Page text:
The Centre for Heritage Imaging and Collection Care (CHICC) of the John Rylands Library has experimented recently spectral imaging technologies on some papyri and other manuscripts. You can read a report on the experiment and see some images from here.
Among the pieces processed there are some samples of the carbonised papyri from Thmuis (modern Tell el Timai), which are scattered nowadays in different collections; those in the Rylands Library were purchased on the antiquity market and come from unofficial excavations (see Catalogue of the Greek and Latin Papyri in the John Rylands Library, vol. II, pp. 290-292). These documents are particularly important because of the location of Thmuis in the Delta region, where few papyri were found since the humidity of the area.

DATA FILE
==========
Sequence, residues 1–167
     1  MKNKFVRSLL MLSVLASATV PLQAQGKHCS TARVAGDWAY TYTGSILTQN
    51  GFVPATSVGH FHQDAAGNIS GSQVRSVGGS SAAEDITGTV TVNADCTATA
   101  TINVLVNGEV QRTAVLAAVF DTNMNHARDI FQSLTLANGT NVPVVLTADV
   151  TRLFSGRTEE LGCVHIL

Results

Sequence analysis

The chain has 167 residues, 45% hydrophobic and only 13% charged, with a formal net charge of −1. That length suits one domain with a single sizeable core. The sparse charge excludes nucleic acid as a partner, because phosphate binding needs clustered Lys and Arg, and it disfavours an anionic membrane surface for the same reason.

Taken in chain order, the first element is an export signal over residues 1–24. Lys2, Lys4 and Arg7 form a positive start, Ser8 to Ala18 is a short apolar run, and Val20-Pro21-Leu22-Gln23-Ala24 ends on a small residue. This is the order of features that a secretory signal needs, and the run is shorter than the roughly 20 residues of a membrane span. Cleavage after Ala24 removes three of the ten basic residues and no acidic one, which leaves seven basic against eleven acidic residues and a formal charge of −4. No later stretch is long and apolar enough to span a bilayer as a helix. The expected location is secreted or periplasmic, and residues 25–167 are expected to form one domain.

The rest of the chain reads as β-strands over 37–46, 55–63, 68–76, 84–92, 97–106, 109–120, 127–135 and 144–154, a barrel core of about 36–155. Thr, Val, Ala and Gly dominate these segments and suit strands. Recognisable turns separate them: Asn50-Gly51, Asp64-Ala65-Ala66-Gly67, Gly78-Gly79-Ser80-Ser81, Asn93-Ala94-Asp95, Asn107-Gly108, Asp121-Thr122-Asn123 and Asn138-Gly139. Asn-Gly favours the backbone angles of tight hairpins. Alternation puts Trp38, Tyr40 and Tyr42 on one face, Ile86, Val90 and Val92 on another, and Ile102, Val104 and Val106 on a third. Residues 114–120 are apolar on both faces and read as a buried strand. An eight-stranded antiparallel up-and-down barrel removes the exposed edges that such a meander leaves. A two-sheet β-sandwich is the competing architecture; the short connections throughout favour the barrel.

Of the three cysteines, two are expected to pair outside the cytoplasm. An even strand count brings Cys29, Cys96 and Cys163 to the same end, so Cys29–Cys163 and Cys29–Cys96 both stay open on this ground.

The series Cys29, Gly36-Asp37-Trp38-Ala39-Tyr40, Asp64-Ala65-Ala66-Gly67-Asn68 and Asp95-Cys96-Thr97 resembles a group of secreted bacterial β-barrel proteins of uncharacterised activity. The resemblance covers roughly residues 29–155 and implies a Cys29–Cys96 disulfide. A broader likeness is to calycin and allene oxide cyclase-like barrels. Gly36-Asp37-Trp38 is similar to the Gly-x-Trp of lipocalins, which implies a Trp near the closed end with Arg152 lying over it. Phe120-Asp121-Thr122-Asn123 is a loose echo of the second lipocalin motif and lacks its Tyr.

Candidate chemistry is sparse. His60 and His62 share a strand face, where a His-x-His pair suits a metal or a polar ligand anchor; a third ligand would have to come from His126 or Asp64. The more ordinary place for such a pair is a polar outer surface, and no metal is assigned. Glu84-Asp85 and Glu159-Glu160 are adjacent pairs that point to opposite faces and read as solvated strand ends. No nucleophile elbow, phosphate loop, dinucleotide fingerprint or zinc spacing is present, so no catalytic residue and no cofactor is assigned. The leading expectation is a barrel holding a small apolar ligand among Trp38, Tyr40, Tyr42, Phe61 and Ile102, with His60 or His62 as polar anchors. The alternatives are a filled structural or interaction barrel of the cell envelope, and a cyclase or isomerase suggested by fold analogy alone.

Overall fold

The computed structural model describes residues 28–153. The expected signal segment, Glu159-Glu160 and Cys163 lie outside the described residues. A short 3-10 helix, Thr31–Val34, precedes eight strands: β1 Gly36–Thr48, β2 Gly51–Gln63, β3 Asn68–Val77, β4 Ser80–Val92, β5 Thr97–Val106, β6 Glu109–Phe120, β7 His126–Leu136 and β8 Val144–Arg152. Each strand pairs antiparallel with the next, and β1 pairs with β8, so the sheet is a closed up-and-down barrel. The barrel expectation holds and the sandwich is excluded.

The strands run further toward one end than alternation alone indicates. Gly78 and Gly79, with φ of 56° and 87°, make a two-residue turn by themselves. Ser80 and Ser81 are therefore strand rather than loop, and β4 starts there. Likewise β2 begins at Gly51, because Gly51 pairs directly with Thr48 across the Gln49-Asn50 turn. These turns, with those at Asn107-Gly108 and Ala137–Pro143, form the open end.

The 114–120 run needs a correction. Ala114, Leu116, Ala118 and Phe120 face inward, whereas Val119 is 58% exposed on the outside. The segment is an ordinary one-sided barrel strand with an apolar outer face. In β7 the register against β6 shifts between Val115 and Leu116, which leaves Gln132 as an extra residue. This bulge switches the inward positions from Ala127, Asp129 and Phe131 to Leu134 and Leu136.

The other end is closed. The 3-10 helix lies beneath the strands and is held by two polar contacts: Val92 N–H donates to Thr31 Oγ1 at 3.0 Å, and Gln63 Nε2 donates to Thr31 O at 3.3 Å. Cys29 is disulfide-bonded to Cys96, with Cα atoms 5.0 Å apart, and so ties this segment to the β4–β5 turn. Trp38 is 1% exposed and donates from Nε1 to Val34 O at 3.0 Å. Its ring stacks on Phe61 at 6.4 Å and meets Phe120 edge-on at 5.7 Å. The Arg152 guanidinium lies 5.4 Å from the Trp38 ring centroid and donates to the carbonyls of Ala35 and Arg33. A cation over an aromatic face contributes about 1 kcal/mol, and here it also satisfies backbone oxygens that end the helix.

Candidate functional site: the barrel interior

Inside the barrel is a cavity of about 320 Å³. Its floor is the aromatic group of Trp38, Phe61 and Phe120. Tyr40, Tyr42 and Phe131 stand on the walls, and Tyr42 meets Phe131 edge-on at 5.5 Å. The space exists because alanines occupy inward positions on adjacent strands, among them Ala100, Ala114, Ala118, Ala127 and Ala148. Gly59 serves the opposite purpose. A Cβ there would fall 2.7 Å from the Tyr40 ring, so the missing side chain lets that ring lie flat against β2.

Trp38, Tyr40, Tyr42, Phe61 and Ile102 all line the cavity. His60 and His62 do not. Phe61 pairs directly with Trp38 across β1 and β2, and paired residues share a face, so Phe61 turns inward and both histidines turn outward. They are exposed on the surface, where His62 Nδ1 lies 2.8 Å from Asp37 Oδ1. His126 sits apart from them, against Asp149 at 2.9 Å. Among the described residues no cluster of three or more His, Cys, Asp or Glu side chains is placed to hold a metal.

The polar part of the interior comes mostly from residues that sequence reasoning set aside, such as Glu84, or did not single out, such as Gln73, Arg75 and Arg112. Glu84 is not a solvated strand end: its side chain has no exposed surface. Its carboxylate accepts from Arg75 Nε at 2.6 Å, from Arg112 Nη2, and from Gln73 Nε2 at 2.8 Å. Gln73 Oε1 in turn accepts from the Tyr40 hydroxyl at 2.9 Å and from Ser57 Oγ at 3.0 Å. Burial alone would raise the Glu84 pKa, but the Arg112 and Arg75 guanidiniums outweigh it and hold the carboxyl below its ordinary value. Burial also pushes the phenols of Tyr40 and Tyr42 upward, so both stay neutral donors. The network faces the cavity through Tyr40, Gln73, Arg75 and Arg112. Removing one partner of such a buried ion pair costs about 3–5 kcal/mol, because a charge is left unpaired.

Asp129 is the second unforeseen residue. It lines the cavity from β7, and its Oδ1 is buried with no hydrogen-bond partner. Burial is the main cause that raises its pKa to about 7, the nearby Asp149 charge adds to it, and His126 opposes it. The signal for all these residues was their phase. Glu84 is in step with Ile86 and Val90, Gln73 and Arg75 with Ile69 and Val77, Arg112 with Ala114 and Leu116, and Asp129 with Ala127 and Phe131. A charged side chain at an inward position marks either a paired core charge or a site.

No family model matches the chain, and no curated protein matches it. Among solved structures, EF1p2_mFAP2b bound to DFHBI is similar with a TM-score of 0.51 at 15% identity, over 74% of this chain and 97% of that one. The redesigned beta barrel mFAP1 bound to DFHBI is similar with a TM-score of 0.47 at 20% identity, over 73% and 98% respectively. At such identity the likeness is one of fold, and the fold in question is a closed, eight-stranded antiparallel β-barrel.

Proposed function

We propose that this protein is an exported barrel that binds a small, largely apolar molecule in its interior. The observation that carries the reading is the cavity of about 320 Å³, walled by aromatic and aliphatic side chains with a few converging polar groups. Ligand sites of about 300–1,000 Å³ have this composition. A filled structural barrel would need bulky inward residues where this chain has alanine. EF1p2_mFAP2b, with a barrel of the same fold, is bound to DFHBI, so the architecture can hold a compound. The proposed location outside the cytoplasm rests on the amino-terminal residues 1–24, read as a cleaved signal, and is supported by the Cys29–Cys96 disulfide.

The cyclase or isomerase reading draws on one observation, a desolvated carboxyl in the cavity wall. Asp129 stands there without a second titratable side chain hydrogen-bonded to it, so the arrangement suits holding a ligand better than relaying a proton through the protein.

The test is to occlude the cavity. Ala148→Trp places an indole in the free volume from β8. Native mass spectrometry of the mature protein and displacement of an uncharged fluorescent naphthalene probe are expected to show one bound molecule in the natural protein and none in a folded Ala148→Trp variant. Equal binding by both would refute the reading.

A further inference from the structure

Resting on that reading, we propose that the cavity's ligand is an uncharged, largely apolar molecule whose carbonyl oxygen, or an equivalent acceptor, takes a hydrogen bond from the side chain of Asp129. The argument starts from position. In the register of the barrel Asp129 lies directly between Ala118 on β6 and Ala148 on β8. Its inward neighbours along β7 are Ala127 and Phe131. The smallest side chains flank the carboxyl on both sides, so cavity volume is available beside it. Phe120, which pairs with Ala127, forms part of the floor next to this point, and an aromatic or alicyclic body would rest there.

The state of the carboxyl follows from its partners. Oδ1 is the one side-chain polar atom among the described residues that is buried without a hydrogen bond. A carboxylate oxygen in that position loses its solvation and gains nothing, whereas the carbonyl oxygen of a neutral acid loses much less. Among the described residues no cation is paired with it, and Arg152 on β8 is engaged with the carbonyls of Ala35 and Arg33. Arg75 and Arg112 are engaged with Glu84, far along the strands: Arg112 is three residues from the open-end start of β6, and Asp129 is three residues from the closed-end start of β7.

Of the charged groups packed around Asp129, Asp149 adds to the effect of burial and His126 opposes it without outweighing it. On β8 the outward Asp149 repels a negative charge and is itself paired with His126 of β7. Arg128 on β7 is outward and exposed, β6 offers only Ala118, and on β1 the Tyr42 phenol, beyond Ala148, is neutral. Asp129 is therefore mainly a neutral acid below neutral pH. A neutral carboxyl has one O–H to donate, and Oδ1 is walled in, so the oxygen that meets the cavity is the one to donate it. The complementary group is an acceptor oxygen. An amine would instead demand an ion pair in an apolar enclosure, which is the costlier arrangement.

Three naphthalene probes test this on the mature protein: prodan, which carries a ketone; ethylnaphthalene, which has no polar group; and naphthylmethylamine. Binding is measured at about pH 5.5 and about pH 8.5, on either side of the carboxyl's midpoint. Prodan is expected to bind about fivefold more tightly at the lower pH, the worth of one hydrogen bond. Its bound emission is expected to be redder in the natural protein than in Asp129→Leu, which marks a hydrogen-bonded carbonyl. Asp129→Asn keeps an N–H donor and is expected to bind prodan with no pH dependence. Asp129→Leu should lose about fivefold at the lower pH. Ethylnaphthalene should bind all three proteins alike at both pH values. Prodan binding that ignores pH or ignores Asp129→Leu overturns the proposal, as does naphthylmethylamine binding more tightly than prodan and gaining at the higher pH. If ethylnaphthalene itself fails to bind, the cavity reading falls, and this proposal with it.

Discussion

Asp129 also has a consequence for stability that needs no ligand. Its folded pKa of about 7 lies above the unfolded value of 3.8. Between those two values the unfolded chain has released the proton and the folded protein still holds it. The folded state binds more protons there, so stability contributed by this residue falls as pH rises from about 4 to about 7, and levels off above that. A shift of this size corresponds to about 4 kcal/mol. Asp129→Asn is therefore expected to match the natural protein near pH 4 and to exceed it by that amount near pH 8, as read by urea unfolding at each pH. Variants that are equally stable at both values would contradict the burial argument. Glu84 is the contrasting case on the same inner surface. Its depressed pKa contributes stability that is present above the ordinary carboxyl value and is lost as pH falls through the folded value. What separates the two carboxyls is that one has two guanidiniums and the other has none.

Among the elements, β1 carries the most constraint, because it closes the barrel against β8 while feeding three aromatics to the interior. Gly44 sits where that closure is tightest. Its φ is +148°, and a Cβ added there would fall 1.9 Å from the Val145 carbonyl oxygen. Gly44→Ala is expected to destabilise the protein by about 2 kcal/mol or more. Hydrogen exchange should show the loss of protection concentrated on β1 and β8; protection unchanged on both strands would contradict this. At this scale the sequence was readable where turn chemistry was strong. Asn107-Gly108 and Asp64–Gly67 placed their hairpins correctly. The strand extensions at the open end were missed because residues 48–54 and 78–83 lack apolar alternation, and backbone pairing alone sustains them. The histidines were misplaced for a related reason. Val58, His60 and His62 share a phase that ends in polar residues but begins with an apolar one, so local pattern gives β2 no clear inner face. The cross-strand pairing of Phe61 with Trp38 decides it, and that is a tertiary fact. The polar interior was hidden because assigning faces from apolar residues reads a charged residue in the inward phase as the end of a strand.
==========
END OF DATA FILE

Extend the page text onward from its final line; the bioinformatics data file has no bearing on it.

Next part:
The Manchester Evening News is reporting a plan to revive the textile industry in Greater Manchester, the Victorian Cottonopolis. The article explains how UK manufacturing industries are trying to revive this old tradition based in the North West.
Faces&Voices really like the idea since it was cotton that linked Manchester and Egypt. The Rylands, Haworth and other merchants and manufacturer not only bought extraordinary ancient artifacts from Egypt, but also had commercial interests there. Rylands & Sons established an agency in Alexandria in 1879, ten years after the opening of the Suez channel and three years before the establishing of the English protectorate over Egypt.
The Manchester Ship Canal opened in 1894 transforming Manchester into an international city port. It is through this gate that the Egyptian cotton was distributed to the city and surrounding region mills. Egyptian cotton became especially important during the American civil war, which caused a collapse of the import from that country.
Despite the many shadows of that era, let’s hope that with Cottonopolis some positive Victorian attitudes towards wealth, public share and the importance of the humanities will come back.